It’s over two months since the GDPR came into force across the EU and the rise in Subject Access Requests (SARs) continues as predicted. Many of these, not surprisingly, are requests from former employees. Whatever the reason they’re now former, they do have the right to know the personal information your company holds about them so there’s no getting away from the need to respond and respond in full. This is where the problem starts.
No doubt you’ll have a personnel file for the employee, and financial records of their pay and benefits; this is the easy part as it’ll be filed, indexed and easily retrievable. But what about emails, minutes of meetings and other more esoteric records? These are likely to contain the “hidden gold” the ex-employee is looking for and they may suspect or even know about them already, so not making them available is tantamount to shooting yourself in the compliance foot.
Furthermore, the time and effort to track these down, review the content, identify other data subjects mentioned and either seek their consent for release or redact their details, can be significant.
For anyone already in this predicament, hindsight is a wonderful but not necessarily useful thing and by now they’ll have either avoided or fallen into the many pitfalls the situation presents. But for those who’ve not received such a SAR there are actions you should be taking now to avoid any issues.
If you’ve not already done so, conduct a personal data inventory. Remember to dive deep in this area, ask all your people managers where they keep information on their staff. Add the results to your Records of Processing (what’s that? Check out Article 30 of the GDPR, this is your bible of what you do, the where and why for personal data) and from there you can assess the size of any problem.
Check your personal data retention policy (you do have one, right?). Does it cover all types of personal information you hold on staff? Are the retention periods too long? Some organisations will keep staff data forever just in case that person applies for another job there many years later.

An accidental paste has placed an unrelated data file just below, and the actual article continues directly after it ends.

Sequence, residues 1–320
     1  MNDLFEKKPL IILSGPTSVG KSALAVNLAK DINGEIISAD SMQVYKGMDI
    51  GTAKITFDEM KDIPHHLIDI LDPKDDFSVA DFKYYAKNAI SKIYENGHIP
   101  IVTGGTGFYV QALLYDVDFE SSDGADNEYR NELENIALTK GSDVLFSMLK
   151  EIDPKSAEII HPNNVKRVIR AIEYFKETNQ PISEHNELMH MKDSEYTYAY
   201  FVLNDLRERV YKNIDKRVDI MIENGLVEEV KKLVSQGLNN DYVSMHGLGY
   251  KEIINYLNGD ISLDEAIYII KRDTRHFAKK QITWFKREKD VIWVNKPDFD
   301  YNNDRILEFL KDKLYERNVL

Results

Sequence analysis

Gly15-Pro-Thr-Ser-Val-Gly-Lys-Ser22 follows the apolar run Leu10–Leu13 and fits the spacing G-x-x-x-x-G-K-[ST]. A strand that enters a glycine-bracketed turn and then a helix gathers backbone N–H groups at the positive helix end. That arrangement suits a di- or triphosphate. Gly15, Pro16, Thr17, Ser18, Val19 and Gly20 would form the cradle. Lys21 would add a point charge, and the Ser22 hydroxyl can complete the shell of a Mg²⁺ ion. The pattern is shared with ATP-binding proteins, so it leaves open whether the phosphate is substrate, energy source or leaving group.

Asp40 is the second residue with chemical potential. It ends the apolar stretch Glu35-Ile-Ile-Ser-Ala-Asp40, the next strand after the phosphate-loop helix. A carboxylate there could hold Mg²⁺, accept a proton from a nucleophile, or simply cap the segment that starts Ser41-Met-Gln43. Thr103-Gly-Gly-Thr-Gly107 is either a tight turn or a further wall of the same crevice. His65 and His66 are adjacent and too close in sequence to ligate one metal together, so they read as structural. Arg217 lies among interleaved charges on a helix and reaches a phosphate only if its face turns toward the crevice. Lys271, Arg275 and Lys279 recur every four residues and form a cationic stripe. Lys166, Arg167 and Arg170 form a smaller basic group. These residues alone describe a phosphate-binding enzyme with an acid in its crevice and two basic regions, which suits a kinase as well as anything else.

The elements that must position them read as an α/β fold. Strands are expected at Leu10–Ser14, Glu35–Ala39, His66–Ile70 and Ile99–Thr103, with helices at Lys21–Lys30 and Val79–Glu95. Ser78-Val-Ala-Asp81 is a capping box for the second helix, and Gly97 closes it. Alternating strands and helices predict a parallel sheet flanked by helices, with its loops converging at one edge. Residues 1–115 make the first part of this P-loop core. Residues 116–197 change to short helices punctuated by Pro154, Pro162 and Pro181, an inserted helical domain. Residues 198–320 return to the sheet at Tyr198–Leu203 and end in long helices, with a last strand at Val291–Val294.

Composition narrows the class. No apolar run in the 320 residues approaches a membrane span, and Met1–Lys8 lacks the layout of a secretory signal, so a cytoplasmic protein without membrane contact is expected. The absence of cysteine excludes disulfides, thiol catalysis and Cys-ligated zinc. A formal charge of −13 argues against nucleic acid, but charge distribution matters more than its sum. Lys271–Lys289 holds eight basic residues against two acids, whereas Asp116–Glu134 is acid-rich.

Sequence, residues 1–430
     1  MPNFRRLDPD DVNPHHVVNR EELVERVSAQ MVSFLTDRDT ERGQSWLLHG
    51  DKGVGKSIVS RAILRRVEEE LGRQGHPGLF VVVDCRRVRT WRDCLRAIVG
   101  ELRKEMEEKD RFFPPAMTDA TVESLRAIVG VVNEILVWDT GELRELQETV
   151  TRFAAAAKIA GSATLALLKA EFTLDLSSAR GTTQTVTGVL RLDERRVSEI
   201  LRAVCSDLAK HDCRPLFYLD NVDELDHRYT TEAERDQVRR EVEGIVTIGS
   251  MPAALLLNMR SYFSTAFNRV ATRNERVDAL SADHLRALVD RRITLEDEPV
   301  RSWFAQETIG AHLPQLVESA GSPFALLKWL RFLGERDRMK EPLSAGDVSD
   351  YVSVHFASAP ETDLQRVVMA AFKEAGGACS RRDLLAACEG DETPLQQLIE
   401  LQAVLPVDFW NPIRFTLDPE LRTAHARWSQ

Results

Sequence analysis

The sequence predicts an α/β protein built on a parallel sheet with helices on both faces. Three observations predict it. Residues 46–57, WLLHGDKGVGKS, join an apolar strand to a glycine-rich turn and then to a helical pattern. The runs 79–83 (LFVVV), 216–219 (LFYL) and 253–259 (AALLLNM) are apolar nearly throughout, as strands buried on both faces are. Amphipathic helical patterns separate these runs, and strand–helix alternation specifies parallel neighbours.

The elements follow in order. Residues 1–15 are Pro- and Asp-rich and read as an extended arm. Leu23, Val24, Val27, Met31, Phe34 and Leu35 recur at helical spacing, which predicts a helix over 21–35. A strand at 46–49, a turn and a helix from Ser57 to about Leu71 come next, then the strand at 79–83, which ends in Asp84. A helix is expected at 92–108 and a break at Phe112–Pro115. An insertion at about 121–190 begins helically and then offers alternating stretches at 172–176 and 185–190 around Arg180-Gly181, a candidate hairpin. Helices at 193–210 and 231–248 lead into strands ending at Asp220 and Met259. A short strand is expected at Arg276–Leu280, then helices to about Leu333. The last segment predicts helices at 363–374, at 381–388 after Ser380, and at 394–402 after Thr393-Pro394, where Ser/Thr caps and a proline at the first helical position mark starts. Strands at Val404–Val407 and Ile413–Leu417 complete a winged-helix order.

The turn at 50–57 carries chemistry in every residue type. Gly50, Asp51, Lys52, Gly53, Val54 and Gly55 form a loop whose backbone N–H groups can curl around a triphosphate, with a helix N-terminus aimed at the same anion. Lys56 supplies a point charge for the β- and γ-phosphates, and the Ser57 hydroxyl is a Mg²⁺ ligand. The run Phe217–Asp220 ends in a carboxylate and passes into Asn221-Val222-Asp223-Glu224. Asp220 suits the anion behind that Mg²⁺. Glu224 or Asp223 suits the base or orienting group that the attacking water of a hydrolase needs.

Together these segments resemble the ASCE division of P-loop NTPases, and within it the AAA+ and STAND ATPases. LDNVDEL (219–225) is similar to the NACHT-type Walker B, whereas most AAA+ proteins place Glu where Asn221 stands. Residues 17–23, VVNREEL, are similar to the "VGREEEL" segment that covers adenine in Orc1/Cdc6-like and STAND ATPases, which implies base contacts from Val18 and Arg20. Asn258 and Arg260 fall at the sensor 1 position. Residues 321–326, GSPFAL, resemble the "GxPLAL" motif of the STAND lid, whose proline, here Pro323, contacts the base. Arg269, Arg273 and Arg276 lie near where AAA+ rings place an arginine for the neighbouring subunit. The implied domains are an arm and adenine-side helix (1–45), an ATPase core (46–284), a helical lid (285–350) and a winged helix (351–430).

Look into any regulatory requirements, otherwise consider setting a maximum of six years so you’re able to respond to legal claims up to the time limit under the UK Limitations Act 1980; but don’t take this as pro bono legal advice, speak to your legal team and bear in mind in many cases a much shorter retention period will be more than adequate. Remember the GDPR principle of storage limitation, don’t keep it any longer than you need to. However, be aware retrospectively applying a retention limit to avoid providing information is not allowed, what’s there when the SAR arrives has to match what’s provided. This should add impetus to the need for progress on actioning this activity.
Manage the personal data. While email is a great tool for communication it’s not so hot as a searchable storage system, although as it does work like one at a push, it’s not exempt from the GDPR. Should email be the place to keep information others may need to access in a hurry? Doubtful. Instead, look at a system you can move those emails to which not only helps you to locate what you need quickly and easily but also enables you to tighten down the access control; for example, if it relates to a personnel issue restrict it to HR. This will help you to meet the requirements of another of the GDPR principles: integrity and confidentiality.
Once you’ve taken these steps – and conducted a few ad-hoc tests to make sure the process has worked – you’ll be in a much more comfortable place when the almost inevitable SAR lands in someone’s inbox. Which brings me to my final action point: don’t just wait until it happens and then work out what you should be doing, take the pro-active approach and have your response procedures documented, agreed and tested in advance; there’s no room for complacency as this is not going to go away.